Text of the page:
San Diego's Petco Park Will Host 2016 All-Star Game
The Padres lobbied hard for the annual July extravaganza of America's pastime, and the city of San Diego got involved by approving a series of permit fee waivers valued at around $1.5 million.
"I am very pleased to award the 2016 All-Star Game to the San Diego Padres, who made a detailed and comprehensive bid in conjunction with city officials," baseball Commissioner Allan "Bud" Selig said at the end of a quarterly meeting of team owners in Arizona.
"San Diego is one of America's most beautiful cities, and showcasing Petco Park in its thriving downtown will be a remarkable opportunity for the Padres franchise and all of Major League Baseball," Selig said.
The Padres overcame both tradition and competition to land the 87th All- Star Game.
Normally, the contest is alternated between American and National League venues, and with this year's edition set for Cincinnati, 2016 would have been the junior circuit's turn. Also, an American League team, the Baltimore Orioles, made a push to hold the 2016 game because it comes on the 25th anniversary of their stadium — the well-regarded Camden Yards.
However, baseball officials said that since several National League franchises that haven't hosted the game in their new stadiums bid on the 2016 edition, they decided to place the game in the city with the strongest overall pitch, regardless of league affiliation.
The Padres haven't hosted the event since 1992, when the team played at what was then known as Jack Murphy Stadium. They also played host in 1978.
The Padres have played 11 seasons at Petco Park, and MLB often likes to place the All-Star Game in newer facilities.
"Padres fans have been patiently awaiting the return of this jewel event to America's Finest City for more than two decades, and bringing the All- Star Game to San Diego has been a top priority for our ownership group," said Ron Fowler, the team's executive chairman.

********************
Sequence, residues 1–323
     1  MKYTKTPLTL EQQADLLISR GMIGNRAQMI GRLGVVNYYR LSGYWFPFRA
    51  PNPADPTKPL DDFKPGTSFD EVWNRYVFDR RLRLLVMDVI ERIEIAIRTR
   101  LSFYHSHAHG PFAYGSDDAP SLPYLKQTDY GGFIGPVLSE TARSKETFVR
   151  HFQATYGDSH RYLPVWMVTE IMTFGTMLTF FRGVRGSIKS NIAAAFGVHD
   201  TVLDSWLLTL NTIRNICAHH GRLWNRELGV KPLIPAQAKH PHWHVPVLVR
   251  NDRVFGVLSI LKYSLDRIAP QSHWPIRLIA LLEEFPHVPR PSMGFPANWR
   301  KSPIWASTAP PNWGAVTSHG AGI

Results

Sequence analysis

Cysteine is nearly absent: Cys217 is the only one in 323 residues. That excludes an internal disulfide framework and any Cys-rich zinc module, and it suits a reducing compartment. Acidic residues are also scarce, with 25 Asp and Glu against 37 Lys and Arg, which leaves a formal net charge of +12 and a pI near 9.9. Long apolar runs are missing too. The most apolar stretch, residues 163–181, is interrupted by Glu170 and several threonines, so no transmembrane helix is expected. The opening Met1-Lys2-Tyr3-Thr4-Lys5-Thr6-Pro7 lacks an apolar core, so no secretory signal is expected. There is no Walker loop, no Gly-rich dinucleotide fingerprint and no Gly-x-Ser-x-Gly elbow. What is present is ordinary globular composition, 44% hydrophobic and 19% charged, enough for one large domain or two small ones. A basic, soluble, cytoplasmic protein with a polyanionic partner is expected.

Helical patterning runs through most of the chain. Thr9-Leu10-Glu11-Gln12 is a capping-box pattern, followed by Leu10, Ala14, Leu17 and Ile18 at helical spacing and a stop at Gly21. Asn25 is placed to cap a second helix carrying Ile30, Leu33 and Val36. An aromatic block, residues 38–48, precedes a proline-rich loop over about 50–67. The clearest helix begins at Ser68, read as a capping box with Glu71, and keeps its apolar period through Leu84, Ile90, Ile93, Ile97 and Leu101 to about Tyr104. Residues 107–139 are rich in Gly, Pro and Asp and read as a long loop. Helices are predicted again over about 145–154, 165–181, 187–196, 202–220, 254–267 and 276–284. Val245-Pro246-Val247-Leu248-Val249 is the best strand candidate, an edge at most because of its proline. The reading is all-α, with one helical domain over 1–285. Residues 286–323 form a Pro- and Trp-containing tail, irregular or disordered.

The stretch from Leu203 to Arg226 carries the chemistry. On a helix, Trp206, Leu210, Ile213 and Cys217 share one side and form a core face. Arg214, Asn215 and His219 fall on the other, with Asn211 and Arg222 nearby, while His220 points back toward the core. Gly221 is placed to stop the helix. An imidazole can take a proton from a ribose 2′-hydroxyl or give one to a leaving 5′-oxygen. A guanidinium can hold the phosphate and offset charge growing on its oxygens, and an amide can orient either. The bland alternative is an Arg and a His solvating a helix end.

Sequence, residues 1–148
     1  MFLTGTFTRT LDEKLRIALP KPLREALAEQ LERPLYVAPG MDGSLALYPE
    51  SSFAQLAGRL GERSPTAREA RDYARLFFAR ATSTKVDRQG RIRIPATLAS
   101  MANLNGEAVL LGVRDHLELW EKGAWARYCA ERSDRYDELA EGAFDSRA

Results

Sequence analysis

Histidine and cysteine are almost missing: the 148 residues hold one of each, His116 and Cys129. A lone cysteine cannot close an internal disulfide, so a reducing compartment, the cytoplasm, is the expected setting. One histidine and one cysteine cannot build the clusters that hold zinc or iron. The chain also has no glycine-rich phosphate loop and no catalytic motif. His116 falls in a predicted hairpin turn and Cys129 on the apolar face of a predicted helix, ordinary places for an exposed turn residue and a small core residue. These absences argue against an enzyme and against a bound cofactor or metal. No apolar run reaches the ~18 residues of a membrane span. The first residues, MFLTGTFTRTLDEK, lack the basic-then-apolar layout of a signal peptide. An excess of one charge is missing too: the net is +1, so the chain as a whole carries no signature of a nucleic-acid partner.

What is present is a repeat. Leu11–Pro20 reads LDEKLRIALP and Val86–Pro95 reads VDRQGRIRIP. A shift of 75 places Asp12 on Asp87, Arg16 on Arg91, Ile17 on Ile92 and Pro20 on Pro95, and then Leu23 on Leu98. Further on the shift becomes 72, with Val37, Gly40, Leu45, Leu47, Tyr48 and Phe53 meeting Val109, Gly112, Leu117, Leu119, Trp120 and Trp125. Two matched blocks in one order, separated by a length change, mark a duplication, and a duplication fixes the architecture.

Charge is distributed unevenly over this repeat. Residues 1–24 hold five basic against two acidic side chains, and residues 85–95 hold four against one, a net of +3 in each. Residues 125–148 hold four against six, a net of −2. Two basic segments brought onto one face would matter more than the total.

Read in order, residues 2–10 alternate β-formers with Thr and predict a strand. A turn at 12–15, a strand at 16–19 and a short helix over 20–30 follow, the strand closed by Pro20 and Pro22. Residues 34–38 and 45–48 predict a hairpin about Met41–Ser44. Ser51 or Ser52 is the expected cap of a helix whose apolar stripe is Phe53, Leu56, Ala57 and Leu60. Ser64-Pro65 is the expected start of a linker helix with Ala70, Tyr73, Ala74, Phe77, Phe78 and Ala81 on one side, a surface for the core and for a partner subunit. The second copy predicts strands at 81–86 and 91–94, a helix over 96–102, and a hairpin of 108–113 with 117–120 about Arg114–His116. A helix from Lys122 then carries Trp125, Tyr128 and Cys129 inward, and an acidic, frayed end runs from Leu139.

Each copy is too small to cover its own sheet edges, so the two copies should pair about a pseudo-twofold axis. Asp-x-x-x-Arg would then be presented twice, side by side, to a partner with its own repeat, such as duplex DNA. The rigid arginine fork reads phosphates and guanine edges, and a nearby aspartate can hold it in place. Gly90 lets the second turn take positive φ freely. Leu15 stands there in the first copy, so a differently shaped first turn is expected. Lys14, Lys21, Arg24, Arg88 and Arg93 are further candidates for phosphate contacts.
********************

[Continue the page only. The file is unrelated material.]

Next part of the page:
"We would like to thank Mayor Kevin Faulconer, the San Diego City Council and all those who worked tirelessly behind the scenes to make this a possibility, as well as Commissioner Selig and Commissioner-elect (Rob) Manfred, for making it a reality," Fowler said. "We look forward to working with Major League Baseball to produce an event worthy of the All-Star title."
A city of San Diego staff report presented last month to the City Council suggested area residents would benefit from the game's "unique experiences" and international attention. The city anticipates the event will generate $1.2 million in hotel room tax revenue and $1 million in sales taxes.
The San Diego Tourism Authority estimates the game's economic impact on the city could hit $80 million.
Joe Terzi, the head of the authority, told the council that his agency's annual advertising budget couldn't achieve the reach the exposure the game will bring to San Diego.
"San Diego is a city full of unlimited opportunities and this news is proof that great things are on the horizon," said Faulconer, who made opportunity the theme of his "State of the City" address Wednesday night.
Faulconer told KPBS on Thursday that the game is a "win-win situation" despite the $1.5 million in permit fee waivers.
"It's a great opportunity for us to be literally on the world stage in one of the premiere sporting events," Faulconer said. "It's a great deal — a net economic plus. It's how we help pave more streets and hire more police officers."
Events surrounding the All-Star Game will begin Sunday, July 10, with a celebrity softball game and the annual Futures Game, which showcases rising minor league talent. The All-Star workout day and Home Run Derby will take place July 11.
According to the Padres, tickets will be sold in strips to all of the events. Ticket distribution will be handled by Major League Baseball, so even though season ticket holders will be given first priority, there is no guarantee that there will be enough to meet demand, the Padres said.
Detailed ticket information will be released at a later date.